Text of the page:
For all age groups, sports-related eye injuries occur most frequently in baseball, basketball and racquet sports. However, water sports and activities were the second most-reported sports-related eye injury. According to the American Academy of Ophthalmology, tens of thousands of sports and recreation related eye injuries occur each year – 90 percent of which can be prevented. Eye injuries from any sport can include infection, corneal abrasions, blunt trauma, inflamed iris, fracture of the eye socket and even swollen/detached retinas. Additionally, in some cases, a significant eye injury can cause permanent vision loss.
Because most eye injuries can be avoided by wearing proper protection, to reduce the risk of eye injury vision experts recommend wearing protective eyewear made of an ultra-strong polycarbonate – a highly impact-resistant plastic that is 10 times more impact resistant than other plastics. Since September is Sports Eye Safety Awareness Month, we thought we’d share some tips on how to preserve those peepers with protective eyewear.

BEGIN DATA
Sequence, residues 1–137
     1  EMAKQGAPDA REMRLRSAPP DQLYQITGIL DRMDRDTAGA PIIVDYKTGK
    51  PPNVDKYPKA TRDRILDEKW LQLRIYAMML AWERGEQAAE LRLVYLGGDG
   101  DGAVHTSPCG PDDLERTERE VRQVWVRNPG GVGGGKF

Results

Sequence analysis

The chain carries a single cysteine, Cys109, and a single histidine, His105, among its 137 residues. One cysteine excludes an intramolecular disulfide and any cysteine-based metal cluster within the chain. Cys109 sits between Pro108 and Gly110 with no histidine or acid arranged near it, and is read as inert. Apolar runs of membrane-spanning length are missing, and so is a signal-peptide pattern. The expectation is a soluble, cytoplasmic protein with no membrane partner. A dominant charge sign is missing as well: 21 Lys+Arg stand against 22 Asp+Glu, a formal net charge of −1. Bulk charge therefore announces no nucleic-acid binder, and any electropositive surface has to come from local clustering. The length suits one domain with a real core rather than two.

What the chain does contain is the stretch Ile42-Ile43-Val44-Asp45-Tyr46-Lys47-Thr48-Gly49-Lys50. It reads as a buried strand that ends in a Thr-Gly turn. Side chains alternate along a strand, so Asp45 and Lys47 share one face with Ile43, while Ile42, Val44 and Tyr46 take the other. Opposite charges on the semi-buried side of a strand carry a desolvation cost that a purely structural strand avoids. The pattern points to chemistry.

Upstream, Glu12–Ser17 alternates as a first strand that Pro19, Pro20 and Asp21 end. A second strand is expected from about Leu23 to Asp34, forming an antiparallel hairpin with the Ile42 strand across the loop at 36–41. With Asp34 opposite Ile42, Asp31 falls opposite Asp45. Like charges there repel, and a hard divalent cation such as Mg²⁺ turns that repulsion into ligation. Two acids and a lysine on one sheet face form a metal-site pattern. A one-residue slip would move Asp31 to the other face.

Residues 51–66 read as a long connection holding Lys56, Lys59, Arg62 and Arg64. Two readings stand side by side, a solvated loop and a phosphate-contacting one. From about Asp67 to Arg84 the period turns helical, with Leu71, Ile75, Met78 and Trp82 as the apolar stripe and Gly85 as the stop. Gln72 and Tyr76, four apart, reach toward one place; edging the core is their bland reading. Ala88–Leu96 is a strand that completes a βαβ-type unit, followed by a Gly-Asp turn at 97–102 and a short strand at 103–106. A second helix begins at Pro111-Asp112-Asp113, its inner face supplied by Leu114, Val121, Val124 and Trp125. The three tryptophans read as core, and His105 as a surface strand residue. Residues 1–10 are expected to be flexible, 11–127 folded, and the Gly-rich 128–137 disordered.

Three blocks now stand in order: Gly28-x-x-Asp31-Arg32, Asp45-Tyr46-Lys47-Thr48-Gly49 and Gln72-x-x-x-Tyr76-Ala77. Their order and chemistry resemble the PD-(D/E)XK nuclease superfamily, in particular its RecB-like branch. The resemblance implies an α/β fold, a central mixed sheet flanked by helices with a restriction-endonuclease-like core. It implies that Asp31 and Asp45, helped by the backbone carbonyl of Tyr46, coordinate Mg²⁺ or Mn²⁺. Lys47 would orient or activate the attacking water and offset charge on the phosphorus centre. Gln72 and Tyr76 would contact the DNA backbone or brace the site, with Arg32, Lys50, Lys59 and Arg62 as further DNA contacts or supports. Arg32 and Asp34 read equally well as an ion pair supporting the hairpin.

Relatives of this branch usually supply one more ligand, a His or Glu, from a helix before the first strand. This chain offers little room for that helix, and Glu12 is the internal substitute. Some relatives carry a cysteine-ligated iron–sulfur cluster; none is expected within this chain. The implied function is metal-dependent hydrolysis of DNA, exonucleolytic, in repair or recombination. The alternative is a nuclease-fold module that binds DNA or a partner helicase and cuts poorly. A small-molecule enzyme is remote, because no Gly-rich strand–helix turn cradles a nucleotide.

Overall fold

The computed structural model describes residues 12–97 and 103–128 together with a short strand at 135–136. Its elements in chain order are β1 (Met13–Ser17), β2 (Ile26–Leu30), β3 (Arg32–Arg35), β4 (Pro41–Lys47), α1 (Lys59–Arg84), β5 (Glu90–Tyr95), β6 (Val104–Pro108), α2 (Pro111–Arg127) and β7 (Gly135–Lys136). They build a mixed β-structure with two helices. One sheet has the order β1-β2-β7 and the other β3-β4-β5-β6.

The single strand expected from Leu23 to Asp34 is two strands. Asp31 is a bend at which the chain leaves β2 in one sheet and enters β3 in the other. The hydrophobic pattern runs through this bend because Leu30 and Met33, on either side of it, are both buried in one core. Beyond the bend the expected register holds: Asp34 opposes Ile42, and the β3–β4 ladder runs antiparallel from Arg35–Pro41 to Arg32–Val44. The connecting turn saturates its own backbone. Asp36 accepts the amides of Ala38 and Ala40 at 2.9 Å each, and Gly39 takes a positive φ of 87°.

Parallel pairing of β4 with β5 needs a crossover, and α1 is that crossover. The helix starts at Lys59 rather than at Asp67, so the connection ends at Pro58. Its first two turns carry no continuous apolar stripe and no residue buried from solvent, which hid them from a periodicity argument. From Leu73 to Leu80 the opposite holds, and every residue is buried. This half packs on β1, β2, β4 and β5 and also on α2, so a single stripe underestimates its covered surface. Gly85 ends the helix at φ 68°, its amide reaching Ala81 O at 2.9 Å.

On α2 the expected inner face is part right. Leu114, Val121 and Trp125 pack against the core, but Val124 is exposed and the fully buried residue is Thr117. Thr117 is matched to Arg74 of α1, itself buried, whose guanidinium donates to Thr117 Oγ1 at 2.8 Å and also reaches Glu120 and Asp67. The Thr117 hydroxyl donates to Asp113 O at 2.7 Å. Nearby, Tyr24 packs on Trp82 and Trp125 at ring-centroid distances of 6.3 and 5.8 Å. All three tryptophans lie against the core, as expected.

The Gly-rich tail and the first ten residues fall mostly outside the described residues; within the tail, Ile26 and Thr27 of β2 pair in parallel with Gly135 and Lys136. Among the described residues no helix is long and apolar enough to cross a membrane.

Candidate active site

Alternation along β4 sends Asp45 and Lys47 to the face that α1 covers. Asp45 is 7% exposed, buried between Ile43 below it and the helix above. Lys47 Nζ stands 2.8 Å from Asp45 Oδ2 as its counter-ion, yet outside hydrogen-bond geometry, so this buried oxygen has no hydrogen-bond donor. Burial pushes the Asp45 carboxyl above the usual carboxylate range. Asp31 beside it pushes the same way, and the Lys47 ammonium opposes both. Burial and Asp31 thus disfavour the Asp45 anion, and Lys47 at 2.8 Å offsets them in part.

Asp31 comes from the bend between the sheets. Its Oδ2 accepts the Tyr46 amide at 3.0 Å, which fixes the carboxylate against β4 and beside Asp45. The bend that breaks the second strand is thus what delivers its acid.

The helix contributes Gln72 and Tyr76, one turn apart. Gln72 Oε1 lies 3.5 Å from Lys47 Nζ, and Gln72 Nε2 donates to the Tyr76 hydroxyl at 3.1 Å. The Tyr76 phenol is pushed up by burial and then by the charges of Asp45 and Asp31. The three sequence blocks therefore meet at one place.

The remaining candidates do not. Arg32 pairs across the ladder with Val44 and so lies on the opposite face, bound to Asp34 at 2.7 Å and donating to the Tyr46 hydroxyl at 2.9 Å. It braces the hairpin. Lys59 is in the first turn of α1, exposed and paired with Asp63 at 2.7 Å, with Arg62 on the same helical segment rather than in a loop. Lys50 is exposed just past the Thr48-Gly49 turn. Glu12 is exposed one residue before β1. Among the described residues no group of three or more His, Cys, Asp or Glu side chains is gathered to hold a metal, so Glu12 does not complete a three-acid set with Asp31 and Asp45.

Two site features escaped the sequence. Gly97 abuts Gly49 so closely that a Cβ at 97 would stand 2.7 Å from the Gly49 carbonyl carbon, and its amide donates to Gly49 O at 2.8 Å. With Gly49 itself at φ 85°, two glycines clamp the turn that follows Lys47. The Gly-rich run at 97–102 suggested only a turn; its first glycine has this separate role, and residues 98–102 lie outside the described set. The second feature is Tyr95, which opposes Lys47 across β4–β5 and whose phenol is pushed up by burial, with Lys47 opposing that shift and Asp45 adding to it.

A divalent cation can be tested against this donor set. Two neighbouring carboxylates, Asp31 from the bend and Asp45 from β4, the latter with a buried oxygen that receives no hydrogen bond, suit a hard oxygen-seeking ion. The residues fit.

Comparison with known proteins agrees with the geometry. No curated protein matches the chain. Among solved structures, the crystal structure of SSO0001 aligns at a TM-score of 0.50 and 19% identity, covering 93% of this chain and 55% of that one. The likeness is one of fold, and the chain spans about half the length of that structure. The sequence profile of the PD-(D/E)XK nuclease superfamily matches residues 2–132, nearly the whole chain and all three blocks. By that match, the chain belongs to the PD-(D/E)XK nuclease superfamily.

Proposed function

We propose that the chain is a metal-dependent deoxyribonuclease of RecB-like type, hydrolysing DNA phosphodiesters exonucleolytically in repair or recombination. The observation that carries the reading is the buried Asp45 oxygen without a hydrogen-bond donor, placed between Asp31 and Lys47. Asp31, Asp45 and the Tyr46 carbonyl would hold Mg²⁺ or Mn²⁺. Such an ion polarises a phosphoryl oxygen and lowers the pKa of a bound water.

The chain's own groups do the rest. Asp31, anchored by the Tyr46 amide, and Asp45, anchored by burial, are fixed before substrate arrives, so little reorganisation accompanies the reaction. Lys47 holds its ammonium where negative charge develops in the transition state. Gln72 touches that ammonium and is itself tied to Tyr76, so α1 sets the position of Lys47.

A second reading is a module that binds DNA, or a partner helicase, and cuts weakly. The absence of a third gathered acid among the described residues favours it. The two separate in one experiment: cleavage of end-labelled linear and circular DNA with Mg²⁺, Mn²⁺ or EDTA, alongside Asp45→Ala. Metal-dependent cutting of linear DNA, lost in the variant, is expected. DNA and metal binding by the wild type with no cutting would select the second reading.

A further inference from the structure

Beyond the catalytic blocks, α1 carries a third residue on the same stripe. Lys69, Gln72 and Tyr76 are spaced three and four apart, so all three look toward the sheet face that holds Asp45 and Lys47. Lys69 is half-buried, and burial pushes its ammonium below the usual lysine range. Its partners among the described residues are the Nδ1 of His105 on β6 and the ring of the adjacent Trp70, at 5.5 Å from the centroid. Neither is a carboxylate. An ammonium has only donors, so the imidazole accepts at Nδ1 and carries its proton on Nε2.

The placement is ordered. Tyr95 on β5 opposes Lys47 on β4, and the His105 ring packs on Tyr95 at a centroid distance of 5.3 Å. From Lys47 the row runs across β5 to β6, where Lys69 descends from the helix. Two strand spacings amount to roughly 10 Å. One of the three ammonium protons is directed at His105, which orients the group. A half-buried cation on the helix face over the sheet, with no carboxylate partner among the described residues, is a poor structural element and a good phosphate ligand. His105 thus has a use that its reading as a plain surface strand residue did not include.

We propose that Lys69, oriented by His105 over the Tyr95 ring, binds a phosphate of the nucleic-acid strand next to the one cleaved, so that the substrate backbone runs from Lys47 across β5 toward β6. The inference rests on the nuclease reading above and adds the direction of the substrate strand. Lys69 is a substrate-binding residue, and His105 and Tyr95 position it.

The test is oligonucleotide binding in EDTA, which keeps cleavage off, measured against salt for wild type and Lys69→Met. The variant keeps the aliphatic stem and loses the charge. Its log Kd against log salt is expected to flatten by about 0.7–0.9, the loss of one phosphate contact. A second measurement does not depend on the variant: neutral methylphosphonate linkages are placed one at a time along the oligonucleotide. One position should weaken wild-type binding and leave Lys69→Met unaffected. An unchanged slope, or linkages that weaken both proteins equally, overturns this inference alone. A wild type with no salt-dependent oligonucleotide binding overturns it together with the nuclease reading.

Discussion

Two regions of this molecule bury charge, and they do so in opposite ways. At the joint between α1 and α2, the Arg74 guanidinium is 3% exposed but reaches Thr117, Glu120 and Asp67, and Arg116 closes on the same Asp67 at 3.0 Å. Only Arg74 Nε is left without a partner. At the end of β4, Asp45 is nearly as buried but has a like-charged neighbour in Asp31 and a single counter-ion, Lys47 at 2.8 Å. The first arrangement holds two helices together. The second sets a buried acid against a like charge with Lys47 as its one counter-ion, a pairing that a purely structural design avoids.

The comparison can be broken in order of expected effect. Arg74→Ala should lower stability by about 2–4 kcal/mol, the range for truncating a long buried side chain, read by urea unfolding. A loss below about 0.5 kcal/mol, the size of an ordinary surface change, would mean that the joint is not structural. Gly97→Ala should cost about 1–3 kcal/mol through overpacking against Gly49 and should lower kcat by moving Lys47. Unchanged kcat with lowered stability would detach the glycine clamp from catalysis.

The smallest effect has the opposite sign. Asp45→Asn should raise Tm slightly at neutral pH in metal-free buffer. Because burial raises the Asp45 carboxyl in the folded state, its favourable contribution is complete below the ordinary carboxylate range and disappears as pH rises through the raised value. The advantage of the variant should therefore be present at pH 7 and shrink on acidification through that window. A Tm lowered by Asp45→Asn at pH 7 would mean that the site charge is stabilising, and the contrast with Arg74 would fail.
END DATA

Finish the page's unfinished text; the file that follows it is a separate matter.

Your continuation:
- Sports protective eyewear should be labeled as ASTM F803 approved. Check the packaging to ensure that the eye protector selected has been tested for sports use.
- Make sure the lenses either stay in place or pop outward in the event of an accident. Lenses that pop toward the eyes can be very dangerous.
- Sports eye protection should be cushioned or padded along the brow and bridge of the nose.
- If possible, try the eyewear on first to determine if it’s the right fit before purchasing. Adjust the strap and make sure it’s not too tight or too loose.
- Fogging of the lenses can be a problem; therefore it helps to look for types of protective eyewear that offer anti-fog coating.
- Last but not least, all athletes should receive an eye exam from an eye care professional!
Even though most activities do not require protective eyewear, both children and adults should always wear activity-appropriate protective eyewear whenever possible. It is important to remember that glass lenses or contacts do not provide adequate protection while playing sports. Protective eyewear is readily available and can range from $20 to $40 for basic eyewear, and $60 or more if the lens is prescription. Though you may think of this as an added expense, your vision is priceless.
This newsletter/website is not intended to replace the services of a doctor. It does not constitute a doctor-patient relationship. Information in this newsletter/website is for informational purposes only & is not a substitute for professional advice. Please do not use the information contained herein for diagnosing or treating any condition.